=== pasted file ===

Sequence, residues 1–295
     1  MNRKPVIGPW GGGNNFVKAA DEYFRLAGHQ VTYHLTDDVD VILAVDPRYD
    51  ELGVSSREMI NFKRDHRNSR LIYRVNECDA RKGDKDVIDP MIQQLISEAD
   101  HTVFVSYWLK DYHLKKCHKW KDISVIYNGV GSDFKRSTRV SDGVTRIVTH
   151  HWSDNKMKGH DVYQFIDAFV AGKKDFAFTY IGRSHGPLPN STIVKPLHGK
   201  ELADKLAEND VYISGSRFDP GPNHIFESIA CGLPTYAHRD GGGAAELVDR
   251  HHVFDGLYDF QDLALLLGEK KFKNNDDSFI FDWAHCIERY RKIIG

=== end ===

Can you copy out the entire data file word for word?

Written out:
Sequence, residues 1–295
     1  MNRKPVIGPW GGGNNFVKAA DEYFRLAGHQ VTYHLTDDVD VILAVDPRYD
    51  ELGVSSREMI NFKRDHRNSR LIYRVNECDA RKGDKDVIDP MIQQLISEAD
   101  HTVFVSYWLK DYHLKKCHKW KDISVIYNGV GSDFKRSTRV SDGVTRIVTH
   151  HWSDNKMKGH DVYQFIDAFV AGKKDFAFTY IGRSHGPLPN STIVKPLHGK
   201  ELADKLAEND VYISGSRFDP GPNHIFESIA CGLPTYAHRD GGGAAELVDR
   251  HHVFDGLYDF QDLALLLGEK KFKNNDDSFI FDWAHCIERY RKIIG